Codiac RCMP are installing new high-tech sirens in some of their vehicles that will not only be heard, but also felt.

The Rumbler intersection-clearing system emits low frequency tones that penetrate solid materials, allowing motorists and nearby pedestrians to feel the sound waves as far away as 50 metres or more, Const. Damien Thériault said in a release.

"The decision to go to this technology was made with officer and public safety in mind," said Thériault.

"We do have cases where people say they didn't hear the siren until we're immediately behind them. This piece of equipment could save lives and prevent serious injuries."

Two of Codiac RCMP's vehicles in the Greater Moncton area are already equipped with the Rumbler system and new vehicles will also be equipped with it as they are put into service, said Thériault.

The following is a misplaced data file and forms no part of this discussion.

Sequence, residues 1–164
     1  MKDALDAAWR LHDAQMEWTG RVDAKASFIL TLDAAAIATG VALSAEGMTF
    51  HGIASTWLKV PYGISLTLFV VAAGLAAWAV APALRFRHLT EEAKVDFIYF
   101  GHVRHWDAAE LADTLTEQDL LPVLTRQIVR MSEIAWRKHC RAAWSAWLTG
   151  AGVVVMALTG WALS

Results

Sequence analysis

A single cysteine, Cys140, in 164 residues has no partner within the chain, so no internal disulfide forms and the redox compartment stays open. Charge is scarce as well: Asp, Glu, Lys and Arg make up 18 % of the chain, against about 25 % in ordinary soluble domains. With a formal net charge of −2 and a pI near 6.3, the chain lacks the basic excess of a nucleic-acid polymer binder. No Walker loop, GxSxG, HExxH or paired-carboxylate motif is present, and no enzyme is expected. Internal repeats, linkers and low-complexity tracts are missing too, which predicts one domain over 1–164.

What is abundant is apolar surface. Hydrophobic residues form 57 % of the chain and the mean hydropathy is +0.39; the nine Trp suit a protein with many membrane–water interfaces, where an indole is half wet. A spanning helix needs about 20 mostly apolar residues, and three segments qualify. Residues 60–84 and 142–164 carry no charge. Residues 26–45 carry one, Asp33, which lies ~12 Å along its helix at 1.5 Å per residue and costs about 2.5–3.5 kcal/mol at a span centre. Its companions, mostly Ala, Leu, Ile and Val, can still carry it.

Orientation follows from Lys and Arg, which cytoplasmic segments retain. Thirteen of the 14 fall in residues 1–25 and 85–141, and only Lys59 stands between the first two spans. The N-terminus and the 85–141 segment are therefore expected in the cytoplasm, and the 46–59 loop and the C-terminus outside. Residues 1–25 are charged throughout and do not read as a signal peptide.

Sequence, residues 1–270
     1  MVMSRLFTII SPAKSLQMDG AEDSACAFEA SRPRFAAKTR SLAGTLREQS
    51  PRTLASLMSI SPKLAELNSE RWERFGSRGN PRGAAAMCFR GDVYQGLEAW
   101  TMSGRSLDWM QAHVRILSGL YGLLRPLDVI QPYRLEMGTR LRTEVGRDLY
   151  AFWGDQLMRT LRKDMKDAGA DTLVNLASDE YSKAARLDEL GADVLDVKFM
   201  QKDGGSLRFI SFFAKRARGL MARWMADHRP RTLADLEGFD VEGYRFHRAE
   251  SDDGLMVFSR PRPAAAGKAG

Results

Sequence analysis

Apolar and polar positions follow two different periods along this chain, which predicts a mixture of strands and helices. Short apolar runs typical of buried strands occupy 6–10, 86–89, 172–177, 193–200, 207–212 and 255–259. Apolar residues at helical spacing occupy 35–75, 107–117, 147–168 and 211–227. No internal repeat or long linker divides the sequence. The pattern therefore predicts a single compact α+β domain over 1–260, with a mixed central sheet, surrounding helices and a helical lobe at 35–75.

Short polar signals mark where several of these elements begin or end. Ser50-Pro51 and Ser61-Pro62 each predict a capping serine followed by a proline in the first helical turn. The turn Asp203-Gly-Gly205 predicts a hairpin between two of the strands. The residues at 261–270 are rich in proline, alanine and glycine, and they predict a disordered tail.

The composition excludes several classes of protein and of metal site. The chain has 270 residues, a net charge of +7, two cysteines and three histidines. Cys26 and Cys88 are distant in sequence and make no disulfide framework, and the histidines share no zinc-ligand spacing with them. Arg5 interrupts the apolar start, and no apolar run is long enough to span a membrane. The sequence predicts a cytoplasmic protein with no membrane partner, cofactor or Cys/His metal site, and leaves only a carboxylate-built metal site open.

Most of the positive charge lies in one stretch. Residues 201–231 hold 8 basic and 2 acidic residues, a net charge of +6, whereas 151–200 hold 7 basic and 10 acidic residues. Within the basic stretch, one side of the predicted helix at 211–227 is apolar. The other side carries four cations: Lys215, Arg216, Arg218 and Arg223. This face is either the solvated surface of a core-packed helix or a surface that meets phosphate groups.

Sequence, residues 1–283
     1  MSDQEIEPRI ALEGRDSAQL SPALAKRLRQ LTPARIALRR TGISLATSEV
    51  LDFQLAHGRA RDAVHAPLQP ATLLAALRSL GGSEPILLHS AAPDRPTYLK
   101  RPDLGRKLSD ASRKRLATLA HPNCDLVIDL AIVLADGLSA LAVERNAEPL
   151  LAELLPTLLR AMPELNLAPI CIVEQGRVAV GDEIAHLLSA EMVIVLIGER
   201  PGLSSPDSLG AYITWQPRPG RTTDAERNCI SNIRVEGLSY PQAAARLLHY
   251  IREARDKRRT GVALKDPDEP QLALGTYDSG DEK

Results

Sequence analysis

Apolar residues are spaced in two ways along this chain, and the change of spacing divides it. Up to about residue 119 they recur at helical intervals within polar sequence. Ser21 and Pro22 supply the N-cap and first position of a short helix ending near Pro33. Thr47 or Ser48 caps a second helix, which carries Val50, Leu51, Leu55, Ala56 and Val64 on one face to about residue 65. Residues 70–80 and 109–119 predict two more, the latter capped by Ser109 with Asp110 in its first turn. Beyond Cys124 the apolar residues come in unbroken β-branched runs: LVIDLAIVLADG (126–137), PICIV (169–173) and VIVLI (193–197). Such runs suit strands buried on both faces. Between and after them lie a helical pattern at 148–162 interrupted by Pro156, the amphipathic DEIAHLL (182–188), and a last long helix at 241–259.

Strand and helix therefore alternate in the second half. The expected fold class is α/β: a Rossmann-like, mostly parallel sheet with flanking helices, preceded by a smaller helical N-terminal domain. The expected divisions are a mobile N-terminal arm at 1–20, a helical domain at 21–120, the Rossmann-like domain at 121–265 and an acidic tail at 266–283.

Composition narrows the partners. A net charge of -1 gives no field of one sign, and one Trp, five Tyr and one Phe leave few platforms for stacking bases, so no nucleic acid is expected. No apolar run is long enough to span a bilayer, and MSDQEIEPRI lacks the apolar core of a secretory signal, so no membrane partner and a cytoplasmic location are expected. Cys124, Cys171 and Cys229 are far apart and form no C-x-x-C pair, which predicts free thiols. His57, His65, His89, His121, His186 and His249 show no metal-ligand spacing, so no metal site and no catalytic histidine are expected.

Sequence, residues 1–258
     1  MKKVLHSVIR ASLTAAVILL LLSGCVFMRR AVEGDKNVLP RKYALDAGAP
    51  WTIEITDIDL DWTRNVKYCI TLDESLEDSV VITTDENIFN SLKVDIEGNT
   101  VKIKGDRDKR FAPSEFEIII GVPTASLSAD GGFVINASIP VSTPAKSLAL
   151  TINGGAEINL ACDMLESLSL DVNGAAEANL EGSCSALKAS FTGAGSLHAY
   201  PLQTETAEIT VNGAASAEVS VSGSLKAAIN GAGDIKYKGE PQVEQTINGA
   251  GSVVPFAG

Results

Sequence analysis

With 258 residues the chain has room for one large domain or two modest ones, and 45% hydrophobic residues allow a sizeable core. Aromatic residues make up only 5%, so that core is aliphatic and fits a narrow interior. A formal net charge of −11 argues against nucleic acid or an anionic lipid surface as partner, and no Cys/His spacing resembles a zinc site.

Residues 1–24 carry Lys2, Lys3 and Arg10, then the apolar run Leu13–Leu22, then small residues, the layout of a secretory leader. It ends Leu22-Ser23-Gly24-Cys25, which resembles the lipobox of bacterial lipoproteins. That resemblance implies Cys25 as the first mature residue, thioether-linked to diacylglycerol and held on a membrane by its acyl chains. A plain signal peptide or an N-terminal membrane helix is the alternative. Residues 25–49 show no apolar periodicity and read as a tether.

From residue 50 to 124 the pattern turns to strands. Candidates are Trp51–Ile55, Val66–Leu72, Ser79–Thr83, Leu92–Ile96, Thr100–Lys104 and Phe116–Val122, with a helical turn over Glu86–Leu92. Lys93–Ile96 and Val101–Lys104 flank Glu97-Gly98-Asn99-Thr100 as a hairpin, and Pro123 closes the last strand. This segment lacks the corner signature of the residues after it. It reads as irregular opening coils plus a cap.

New RCMP sirens

The Codiac RCMP are installing new high-tech sirens in some of their vehicles that will not only be heard, but also felt. (Lauren Michael/CBC)

It's a first for New Brunswick, he said.

The system, which can be paired with most emergency sirens, has been used by other police forces across North America for several years, he said.

It consists of an amplifier, with a built-in timer and two subwoofers. The built-in timer allows the tone to sound for eight seconds and then automatically shut off, Thériault said.

"Basically you feel vibration like you would from a bass, like a very low bass from a sound system," he said.

The lower pitched rumbling siren accompanies the higher pitched siren most people are accustomed to hearing.

Moncton area resident Justice Hamzat heard the new siren being demonstrated on Tuesday as he was walking by.

"I think it's more efficient. It sounds really good," he said. "If they have to do their job, it has to be done, and whatever they need to get it done needs to be provided to them."

Thériault says RCMP will only use the new sirens occasionally.

"It would only be in situations where we have multiple vehicles that are not moving for emergency vehicles," he said.

"It is not something that we would turn on automatically, or that we would use on a day-to-day basis in every situation. It would only be in a case when people are not noticing us."